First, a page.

- Well, before we dig into that, I would just like you to understand, let's say, the usual way how things work in shipping. You as a shipper, every time you want to ship your cargo overseas, still up to date, usually you start by sending, and still that's the main way of looking for shipping solutions, sending emails to a couple of companies that you know, brokers or forwarders. They in turn start circulating it around the markets for ship owners or carriers that have the fleet in position. And at some point, three days later, and that's the usual average statistics, possibly they come back telling you what ship they found. Out of 87,000 ships, they may go through some of them or half of them, or maybe all of them up to date with platforms available more or less at this moment. But anyway, it takes them quite some time. They get some limited information and finally they come up with a solution to ship this cargo. And usually, in some cases, it may be a ship very, very far away, partly because they probably didn't find the right ship, partly because the cargo was not really described, or maybe the ship owner may not be looking at those emails. Because on the other hand, you have ship owners and they also sometimes they just don't understand the cargo that's received by them. Sometimes they never carried the cargo like that. So there's a lot of problems because of the way still this industry is not really standardized. Not all cargos are containers by far, and a lot of cargo simply are not matching that kind of interest of all the owners. Think of taxi service, for example. Not everybody is driving a pickup truck that can take several people. Sometimes it's a small car. And so there's just that complexity. So what happens is there is a lot of pre-ballast. And so the ship that you may find, for example, to carry commodity from Brazil to USA, for example, may come all the way from Australia or from China or Europe. And that ballast may take sometimes up to 30 or more days, really, depending on the size of the ship. So that today is one of the bigger problems that brings additional consumption, additional fuel burned, additional emission to the whole maritime sector. I don't want to say the transport industry, but the maritime sector, the shipping sector as such. If you skip that, shipping is quite efficient, fuel efficient, cost efficient. There's just too much cargo carried on one vessel in comparison to trucks, for example. So trucks are much more emitting and they are more polluting in terms of their emissions. But the vessels, they are quite efficient as long as they don't have to travel that extra ballasting period. So that part of the ballast is not really taken into consideration. And there are attempts on the one hand to try and look into operational index, into kind of operational data. But that brings another problem of actually reporting. So every time before you start looking for a ship, you have to gather those vessels, the details, make a report, additional calculation on each ship. And when you quote and negotiate, you have to always compare what is the freight will be like in terms of the total cost, including the emission charges or indexes and so on. And finally, when you finish carrying your cargo, you have to make another report. So there's just a lot of reporting that needs to be done on that hand. On the emission that is linked to the vessel itself, there is just a lot like the ballasting runs and all the other data that is not taken into consideration. So the industry is sitting in between these two problems where one is not really giving a right picture. So in other words, like, you know, if the ship is very close to the loading port and does not have to do that long ballast, it's not necessarily a more polluting vessel, even if it burns more fuel, it just burns less carrying that cargo. And that's something to be that has to be taken into consideration. And in 10 years or 15 or 20 years, when every ship is electric or non-polluting or zero emission vessel, maybe the situation will change. But we have to get there. And that transition period of 10 to 15 years needs definitely some kind of approach. Now, what we propose, for example, is a platform based approach where you don't have to do reporting. The platform does solve a lot of emission problems like Uber solves that problem of emissions of taxis. The taxi doesn't have to come all the way through the whole city to pick you up. The algorithm helps you find that taxi, which is just a minute away from you. And that's exactly what we proposed and we offered and we brought to the industry is a platform that Uberizes shipping, removing a lot of these ballast runs in the optimum scenario, and also bringing a lot of efficiency. And that is one of the ways to reduce emission.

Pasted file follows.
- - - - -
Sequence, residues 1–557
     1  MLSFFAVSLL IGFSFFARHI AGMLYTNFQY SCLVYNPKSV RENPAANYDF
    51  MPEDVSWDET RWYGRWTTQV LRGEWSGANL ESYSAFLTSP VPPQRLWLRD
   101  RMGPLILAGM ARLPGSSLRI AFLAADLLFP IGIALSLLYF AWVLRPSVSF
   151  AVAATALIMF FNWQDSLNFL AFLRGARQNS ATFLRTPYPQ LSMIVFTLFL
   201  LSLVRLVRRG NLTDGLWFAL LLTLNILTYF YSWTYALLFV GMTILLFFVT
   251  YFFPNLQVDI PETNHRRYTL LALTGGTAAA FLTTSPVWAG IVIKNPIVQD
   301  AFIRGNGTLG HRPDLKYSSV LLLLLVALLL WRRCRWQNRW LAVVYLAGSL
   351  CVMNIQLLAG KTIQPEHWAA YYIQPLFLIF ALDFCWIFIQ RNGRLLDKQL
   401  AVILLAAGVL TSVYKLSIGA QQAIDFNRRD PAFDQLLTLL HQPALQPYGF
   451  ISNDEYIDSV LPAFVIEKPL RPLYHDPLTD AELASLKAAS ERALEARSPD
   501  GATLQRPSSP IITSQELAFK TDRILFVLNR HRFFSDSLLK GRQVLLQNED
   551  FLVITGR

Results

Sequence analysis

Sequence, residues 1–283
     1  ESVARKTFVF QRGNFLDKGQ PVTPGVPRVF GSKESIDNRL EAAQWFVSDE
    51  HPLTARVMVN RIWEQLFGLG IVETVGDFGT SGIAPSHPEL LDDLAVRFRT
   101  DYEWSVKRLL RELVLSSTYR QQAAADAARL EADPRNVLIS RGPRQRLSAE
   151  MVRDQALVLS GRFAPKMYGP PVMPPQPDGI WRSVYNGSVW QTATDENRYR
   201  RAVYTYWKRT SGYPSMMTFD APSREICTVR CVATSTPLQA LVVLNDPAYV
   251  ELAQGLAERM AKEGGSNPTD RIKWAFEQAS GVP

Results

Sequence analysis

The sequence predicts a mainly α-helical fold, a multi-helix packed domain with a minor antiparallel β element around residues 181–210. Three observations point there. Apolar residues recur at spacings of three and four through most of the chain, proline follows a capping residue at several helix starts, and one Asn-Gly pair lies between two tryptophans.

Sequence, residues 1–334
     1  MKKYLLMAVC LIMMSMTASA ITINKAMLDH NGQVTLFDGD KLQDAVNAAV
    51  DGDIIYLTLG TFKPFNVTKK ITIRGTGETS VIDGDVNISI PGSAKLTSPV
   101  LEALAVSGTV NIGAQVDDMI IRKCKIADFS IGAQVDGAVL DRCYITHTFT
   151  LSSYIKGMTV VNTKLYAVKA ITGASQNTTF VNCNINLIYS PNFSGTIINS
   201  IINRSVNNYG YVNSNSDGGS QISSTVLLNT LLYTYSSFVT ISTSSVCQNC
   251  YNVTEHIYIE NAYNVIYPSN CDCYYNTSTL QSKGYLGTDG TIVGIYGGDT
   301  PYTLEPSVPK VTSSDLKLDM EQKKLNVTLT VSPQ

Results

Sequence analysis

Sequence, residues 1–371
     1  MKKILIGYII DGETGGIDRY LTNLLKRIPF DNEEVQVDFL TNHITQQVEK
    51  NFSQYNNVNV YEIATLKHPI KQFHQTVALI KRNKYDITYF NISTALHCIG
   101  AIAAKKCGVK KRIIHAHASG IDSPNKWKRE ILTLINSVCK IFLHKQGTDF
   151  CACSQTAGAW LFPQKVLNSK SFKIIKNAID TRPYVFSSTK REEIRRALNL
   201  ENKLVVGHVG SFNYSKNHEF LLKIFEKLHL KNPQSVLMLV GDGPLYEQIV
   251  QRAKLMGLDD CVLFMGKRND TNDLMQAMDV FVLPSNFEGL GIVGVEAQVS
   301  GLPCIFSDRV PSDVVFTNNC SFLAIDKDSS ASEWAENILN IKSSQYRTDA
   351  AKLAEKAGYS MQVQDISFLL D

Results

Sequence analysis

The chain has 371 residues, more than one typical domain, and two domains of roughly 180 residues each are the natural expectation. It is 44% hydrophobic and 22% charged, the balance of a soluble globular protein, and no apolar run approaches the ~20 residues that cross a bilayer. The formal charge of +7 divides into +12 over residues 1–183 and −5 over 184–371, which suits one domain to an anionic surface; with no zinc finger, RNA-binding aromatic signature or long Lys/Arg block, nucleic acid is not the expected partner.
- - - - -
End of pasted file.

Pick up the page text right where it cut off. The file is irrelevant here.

- And so it sounds like historically within the maritime industry that there has been not necessarily a baseline for how each ship is measured and how each of the emissions from each of these vessels is both gathered and calculated. Is that a safe assumption?